All the delegates came from well-established centers on the Eastern seaboard. They all realized, however, that their power and influence would soon be challenged by the growing populace of the West. Here, beyond the Ohio and the Alleghanies, lay vast territories which Congress had ordained should be admitted to the Union on an equal footing with the original states as soon as they each contained 60,000 inhabitants. Population growth across those territories was rapid and the day of reckoning for the original thirteen would soon arrive. The thirteen had fought to expel the British and the thirteen felt, with justification, that they knew more about politics and the true interests of the Union than the denizens of half-settled regions. As Gouverneur Morris of Pennsylvania succinctly put it: ‘The busy haunts of men, not the remote wilderness, is the proper school of political talents. If the Western people get the power in their hands they will ruin the Atlantic interests’
The power and the future lay with the West and this recognition, perhaps more than any other, propelled the Convention to address the framing of a new Constitution of the United States. In the meantime, from his watch-tower across the Atlantic Ocean, Thomas Jefferson – author of The Declaration of Independence and the most eloquent defender of decentralized republicanism — fretted about developments in Philadelphia, most especially about the powers that would be vested in the executive branch.
Jefferson’s principal fear, correctly, was that the presidency might prove to be the Achilles heel of a democratic republic: ‘He may be reelected from 4 years to 4 years for life. Reason and experience prove to us that a chief magistrate, so continuable, is an officer for life. When one or two generations shall have proved that this is an office for life, it becomes on every succession worthy of intrigue, of bribery, of force, and even of foreign interference.’ In fewer than 150 years, Franklin Delano Roosevelt would become the personification of Jefferson’s nightmare. Fortunately, however the republic had the good sense never to allow an FDR autocracy to recur.
The Articles of Confederation failed, not necessarily because they were inadequate in principle — after all they had worked sufficiently well to overthrow the British Empire — but because the thirteen states did not comprise an optimal economic union immediately following Independence.
When an economic union is ill-formed, and internal stresses begin to dominate, the absence of a strong central government, able to enforce both a common fiscal policy and a common monetary policy and to raise an effective military capable of suppressing internal rebellion and external invasion, is a fatal weakness, as the euro-zone is currently demonstrating
From this perspective, Alexander Hamilton was bound to win the battle for and against strong federal centralism in Philadelphia in 1787. Whether or not, in the light of events that flowed from that victory, Alexander Hamilton, and his federalist co-author, James Madison, still rest easily in their graves must be doubtful. Surely Thomas Jefferson and Patrick Henry must be tossing in their graves to witness the destruction of states’ rights and the surrender of individual liberty that have gone hand in hand with the advance of central government and the emergence of the Imperial Presidency.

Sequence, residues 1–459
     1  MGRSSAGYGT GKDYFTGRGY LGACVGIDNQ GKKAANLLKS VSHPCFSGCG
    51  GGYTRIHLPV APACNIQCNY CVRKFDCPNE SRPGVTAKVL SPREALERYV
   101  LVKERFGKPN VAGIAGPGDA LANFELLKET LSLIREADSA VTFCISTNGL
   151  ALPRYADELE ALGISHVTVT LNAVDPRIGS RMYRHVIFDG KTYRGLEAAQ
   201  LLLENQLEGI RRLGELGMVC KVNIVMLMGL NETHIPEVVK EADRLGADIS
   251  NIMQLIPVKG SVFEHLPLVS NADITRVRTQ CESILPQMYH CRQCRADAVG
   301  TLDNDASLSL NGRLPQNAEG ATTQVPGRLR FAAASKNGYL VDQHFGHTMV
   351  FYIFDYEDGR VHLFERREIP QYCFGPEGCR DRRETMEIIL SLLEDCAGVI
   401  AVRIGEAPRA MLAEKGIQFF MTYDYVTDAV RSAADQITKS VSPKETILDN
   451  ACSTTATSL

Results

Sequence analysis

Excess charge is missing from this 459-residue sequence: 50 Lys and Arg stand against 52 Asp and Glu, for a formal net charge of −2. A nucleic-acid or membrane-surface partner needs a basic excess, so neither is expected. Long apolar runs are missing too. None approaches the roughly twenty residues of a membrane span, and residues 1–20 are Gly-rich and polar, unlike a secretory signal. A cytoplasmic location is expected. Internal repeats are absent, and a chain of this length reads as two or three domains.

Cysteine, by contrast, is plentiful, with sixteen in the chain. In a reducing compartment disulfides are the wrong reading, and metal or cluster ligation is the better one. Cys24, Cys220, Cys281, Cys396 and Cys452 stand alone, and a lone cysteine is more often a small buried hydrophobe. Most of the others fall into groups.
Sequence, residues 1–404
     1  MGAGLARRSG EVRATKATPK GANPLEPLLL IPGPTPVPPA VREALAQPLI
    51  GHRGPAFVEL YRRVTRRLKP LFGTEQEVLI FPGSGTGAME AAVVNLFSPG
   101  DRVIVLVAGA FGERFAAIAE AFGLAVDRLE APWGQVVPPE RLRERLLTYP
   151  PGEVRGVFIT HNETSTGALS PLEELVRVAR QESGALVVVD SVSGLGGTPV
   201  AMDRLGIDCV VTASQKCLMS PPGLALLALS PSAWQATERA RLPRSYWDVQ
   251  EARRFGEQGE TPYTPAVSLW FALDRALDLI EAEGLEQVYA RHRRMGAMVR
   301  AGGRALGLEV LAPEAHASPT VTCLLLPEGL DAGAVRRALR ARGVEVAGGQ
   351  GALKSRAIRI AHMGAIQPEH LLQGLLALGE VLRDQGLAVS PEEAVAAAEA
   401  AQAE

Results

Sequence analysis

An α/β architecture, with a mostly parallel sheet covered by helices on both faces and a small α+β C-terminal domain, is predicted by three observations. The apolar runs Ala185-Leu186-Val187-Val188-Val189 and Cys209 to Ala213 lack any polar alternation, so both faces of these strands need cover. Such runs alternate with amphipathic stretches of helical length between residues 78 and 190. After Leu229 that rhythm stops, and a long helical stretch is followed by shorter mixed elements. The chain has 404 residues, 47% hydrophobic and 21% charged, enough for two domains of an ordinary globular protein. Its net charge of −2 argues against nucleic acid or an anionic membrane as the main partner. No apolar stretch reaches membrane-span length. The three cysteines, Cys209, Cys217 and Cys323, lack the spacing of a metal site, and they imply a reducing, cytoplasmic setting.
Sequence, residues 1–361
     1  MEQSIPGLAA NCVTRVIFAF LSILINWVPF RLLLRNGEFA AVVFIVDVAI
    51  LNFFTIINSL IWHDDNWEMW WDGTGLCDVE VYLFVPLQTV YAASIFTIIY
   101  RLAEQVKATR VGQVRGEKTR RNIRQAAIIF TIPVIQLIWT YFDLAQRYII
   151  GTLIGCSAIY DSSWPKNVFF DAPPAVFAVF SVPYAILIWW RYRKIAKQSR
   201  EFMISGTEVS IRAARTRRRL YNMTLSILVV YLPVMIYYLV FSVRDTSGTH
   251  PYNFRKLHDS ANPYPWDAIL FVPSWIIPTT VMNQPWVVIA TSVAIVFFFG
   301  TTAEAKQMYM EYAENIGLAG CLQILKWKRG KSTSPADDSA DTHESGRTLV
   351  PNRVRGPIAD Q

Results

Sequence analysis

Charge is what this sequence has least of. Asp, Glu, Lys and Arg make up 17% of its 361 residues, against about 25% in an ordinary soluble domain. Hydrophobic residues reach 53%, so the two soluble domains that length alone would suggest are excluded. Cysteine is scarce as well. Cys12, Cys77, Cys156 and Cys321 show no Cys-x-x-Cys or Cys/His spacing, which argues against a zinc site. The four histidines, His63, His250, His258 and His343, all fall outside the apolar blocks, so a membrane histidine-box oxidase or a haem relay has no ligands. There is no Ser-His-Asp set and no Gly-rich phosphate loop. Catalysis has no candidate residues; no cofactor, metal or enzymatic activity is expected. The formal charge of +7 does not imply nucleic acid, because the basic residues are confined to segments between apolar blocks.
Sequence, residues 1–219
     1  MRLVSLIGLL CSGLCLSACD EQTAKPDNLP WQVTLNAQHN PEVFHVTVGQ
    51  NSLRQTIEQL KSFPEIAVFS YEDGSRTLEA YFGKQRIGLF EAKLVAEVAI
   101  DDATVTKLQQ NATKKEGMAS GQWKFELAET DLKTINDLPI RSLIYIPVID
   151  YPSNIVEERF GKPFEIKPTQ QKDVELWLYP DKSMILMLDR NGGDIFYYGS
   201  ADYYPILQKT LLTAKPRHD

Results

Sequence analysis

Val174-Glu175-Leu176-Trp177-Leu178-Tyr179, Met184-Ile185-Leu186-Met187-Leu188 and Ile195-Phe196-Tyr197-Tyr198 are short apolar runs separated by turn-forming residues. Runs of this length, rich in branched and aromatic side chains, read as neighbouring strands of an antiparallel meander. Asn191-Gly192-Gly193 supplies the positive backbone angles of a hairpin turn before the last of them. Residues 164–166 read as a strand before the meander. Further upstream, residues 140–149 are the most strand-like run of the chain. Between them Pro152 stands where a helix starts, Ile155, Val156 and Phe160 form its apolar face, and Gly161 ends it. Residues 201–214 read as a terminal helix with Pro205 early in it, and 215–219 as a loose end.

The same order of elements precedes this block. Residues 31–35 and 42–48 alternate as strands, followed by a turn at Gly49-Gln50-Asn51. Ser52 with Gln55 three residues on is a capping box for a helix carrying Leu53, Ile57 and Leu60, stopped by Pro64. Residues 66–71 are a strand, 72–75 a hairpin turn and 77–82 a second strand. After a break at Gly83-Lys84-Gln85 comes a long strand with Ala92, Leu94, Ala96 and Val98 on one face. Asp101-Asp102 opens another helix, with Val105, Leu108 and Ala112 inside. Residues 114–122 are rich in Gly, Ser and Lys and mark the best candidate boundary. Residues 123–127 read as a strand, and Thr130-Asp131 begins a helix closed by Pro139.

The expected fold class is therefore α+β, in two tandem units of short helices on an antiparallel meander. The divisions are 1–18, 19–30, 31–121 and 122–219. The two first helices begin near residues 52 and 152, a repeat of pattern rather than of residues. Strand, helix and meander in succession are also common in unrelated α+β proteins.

March 26, 2013 – Essay #27
Read The Articles of Confederation here: https://constitutingamerica.org/?p=3762
Charles K. Rowley is Duncan Black Professor Emeritus at George Mason University and General Director of The Locke Institute in Fairfax, Virginia (www.thelockeinstitute.org) . He has written extensively in the fields of classical liberalism, economics, public choice law-and-economics and political history. He publishes a daily blog at www.charlesrowley.com
Thanks for presenting the story of the transition from the Confederation to the Constitution, Dr. Rowley. Our lack of success with the confederation has always had me wondering how successful the confederation of the EU might be. It seems that history would argue against its success; I’m surprised that it has lasted so long already, especially considering that our founders realized that a confederation would not work so soon after putting it together. I suppose that today’s politicians believe that they are smarter than yesterday’s and that they are more capable of making a confederation work; I suspect that they will find otherwise in due time. Human hubris is evergreen.
Loose confederacies often serve a useful purpose in exapnding trade between members. EFTA was such a grouping , as was the early EEC. However, for a political confederacy to work the central authority myst have certain authority – fiscal and monetary – and certain powers of enforcement. The Articles of Confederation failed in that regard as does the current eurozone.
However, once powers are provided tro enable a confederation to defend its members, those powers can be used to redistribute wealth among the members. That is the danger that cannot be avoided, except by keeping a conderacy delibedsrately weak, as Patrick Henrywould have much preferred.